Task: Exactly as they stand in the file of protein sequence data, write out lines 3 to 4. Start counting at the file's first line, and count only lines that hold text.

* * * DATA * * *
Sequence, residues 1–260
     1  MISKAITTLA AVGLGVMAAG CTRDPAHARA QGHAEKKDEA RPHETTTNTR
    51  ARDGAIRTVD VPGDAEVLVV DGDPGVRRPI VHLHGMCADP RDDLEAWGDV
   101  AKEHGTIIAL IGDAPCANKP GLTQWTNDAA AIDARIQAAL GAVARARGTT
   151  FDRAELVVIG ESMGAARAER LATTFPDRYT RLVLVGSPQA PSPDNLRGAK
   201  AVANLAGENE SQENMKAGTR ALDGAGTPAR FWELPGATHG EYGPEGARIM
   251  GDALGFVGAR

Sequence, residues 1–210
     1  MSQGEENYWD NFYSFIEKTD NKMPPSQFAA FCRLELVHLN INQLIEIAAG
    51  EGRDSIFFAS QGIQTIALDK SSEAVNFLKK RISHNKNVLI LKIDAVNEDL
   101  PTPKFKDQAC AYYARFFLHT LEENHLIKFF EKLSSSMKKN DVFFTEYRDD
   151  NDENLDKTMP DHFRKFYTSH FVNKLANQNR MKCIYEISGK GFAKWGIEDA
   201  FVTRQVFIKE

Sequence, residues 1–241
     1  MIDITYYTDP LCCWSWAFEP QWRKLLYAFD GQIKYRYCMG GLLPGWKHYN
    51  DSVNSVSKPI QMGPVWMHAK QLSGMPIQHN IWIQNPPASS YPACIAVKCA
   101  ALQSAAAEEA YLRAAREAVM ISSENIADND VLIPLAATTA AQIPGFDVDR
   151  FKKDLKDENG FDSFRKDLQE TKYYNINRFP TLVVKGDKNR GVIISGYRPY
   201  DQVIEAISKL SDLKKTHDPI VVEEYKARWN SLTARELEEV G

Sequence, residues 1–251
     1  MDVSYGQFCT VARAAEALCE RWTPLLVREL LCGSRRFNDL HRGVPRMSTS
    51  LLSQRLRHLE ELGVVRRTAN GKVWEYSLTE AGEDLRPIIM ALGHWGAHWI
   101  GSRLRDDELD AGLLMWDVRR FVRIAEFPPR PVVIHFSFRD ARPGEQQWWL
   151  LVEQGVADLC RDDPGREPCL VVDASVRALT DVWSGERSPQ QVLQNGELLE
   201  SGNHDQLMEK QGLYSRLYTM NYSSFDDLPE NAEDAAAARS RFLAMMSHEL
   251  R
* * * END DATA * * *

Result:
    51  ARDGAIRTVD VPGDAEVLVV DGDPGVRRPI VHLHGMCADP RDDLEAWGDV
   101  AKEHGTIIAL IGDAPCANKP GLTQWTNDAA AIDARIQAAL GAVARARGTT